Abby is two. She’s every bit the two year old that my other two year olds were with an added dose of diva. She’s been SPOILED. She’s adored everywhere she goes and gets what she wants from her brothers. And we are paying. She’s been throwing fits like you would not believe (or would). Thus completely shattering the stereotype of all children with Down syndrome being loving and cute ALL OF THE TIME. She is most of the time. But not all. And she can throw a tantrum with the best of them.
And, as I found again today, so can I.
Other than the behavioral issues we are addressing, a huge cause of Abby’s fits is her inability to communicate her wants and needs. One of her many tantrums today lasted for over an hour. I held her and rocked her as I tried to calm her down. It brought back the YEARS I spent doing that with Casey. Trying to figure out what was going on with him. The difference between the two is huge, though. Though both could not communicate at this age outside of a few signs, Casey could not be soothed. He’d spend hours upon hours screaming, and there was nothing I could do to help him through the storm.
While I rocked her, I scrolled through my Instagram feed and saw normal people living normal lives. Pictures of family outings, potty training, eating normal foods with normal liquids, all with captions of the words their children, lots younger than Abby, are using.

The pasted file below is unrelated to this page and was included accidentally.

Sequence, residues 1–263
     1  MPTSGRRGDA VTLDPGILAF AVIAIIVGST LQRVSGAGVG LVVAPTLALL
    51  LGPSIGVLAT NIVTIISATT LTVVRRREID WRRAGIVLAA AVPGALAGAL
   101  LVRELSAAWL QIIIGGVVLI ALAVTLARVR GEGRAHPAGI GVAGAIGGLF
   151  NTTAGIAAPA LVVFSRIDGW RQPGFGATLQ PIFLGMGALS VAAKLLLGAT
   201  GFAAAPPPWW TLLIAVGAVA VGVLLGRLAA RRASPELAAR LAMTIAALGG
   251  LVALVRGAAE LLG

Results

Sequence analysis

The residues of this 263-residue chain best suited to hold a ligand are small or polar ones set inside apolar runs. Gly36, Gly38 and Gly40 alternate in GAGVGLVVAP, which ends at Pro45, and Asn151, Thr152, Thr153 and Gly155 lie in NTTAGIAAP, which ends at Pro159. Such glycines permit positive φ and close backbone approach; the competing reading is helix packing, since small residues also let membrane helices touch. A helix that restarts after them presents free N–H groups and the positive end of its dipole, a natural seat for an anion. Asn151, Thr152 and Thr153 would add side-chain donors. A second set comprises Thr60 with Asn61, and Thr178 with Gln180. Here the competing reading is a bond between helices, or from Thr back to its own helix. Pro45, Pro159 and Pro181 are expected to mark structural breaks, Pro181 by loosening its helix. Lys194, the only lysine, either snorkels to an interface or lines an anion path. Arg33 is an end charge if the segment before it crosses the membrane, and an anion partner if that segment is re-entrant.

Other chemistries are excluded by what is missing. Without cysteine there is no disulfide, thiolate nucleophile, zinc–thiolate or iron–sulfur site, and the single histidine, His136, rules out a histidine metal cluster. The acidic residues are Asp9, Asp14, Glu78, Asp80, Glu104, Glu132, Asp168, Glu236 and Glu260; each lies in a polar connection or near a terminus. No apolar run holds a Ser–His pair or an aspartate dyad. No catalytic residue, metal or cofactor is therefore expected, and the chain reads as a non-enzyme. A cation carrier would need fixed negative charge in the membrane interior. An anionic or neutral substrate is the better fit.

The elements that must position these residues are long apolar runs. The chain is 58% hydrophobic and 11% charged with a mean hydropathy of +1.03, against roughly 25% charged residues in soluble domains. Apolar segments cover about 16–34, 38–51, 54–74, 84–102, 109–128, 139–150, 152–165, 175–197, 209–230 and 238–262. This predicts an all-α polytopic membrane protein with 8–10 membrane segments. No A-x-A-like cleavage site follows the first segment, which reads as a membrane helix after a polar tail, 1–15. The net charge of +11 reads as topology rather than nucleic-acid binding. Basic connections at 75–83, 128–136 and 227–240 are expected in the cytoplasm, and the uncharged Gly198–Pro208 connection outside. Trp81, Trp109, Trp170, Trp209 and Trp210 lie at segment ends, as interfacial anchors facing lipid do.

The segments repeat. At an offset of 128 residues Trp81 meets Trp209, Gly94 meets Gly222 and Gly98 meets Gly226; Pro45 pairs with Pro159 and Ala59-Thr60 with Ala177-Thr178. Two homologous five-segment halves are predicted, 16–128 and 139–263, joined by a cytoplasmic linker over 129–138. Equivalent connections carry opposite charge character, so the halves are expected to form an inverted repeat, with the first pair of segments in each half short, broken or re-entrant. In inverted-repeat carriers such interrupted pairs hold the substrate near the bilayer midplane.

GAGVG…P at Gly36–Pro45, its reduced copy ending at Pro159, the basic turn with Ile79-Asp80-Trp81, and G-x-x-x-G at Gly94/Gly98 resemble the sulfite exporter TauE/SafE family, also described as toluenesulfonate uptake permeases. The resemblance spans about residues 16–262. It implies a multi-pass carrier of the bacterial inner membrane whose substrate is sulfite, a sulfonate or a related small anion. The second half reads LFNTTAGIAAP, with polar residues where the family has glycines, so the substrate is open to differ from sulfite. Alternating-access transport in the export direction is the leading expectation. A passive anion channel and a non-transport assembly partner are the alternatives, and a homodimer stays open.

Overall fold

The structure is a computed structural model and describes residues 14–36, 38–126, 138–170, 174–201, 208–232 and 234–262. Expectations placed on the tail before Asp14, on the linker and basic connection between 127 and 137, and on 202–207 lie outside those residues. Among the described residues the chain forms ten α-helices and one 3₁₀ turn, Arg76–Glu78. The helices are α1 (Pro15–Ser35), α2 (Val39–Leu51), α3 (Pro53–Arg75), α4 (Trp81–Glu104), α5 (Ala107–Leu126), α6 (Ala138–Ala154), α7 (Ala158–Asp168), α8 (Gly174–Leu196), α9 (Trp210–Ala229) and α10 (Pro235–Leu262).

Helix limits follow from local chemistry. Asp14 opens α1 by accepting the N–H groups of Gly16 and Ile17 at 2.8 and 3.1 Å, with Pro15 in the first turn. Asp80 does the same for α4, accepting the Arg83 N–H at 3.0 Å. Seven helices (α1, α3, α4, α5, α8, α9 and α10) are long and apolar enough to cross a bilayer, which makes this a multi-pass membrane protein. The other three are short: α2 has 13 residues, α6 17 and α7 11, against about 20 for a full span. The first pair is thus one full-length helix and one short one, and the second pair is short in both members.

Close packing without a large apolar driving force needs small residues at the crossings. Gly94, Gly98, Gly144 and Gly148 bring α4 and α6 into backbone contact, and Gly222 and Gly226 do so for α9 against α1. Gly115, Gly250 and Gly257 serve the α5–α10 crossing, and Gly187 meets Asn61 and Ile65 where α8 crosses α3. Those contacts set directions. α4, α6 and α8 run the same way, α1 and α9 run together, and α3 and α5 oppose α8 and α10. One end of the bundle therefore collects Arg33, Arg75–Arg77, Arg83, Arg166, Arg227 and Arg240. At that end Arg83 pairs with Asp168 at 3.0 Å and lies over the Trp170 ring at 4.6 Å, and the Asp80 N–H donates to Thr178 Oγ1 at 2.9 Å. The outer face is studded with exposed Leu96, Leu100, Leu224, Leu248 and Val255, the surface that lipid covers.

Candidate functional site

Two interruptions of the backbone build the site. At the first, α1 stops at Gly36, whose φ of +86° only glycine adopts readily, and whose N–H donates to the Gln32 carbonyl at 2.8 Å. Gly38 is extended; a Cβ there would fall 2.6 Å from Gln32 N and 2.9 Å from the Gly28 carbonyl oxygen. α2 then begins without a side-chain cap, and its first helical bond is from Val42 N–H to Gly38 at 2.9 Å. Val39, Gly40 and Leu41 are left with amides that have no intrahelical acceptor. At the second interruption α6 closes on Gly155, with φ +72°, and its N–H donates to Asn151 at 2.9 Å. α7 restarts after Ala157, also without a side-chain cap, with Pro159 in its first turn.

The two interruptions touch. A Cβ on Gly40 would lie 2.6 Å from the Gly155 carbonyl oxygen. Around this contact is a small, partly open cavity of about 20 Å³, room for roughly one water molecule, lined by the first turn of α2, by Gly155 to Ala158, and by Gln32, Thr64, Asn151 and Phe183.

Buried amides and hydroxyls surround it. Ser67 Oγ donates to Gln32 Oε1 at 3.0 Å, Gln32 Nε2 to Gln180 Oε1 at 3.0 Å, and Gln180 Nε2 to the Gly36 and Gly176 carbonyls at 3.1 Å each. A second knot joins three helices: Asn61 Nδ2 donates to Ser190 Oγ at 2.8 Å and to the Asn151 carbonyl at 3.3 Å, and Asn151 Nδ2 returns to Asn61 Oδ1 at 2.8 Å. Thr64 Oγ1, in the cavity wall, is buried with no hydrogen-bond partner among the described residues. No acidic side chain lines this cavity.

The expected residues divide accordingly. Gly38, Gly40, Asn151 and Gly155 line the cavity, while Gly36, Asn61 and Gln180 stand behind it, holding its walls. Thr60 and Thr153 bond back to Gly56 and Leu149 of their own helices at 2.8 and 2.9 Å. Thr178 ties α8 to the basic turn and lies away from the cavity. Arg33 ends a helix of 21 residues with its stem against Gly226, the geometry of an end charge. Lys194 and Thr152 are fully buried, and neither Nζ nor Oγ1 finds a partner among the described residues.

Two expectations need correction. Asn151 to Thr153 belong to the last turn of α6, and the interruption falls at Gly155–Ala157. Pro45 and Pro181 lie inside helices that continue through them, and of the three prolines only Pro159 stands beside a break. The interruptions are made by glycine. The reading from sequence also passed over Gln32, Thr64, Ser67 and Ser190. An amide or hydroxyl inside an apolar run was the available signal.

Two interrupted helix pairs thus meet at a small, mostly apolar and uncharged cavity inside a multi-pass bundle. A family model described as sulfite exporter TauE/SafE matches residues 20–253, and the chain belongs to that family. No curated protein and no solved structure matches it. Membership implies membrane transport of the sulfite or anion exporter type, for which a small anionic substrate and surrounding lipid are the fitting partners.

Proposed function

I was jealous. I was sad.
I tried to suck it up. I tried telling myself with positive affirmations that things were going to be fine. I tried to keep my anxiety relegated to the dark corner of my heart where it should live. I tried to remember all of my blessings and how far Casey’s come. I tried to not remember the thousands of hours spent in speech therapy with him. I tried not to think about the thousands more hours I have to spend in speech therapy with Abby. I tried to have hope that she’d one day be able to communicate fully.
And then I stopped trying and cried. The frustrations fell with the tears, and I felt myself relax. All of the time I spent trying to convince myself with positive words only made things worse. Letting the frustration go in the form of a very ugly cry does not mean I do not acknowledge the good in my life, of which there is an abundance. It just means that there are different avenues to healing. Sometimes, words just don’t work. I needed to cry.
Both Abby and I stopped crying about the same time and sat sniffling and hiccuping for a while. She got through whatever it was that she needed to be pissed off about and I got through mine. We both threw a nice tantrum and moved on.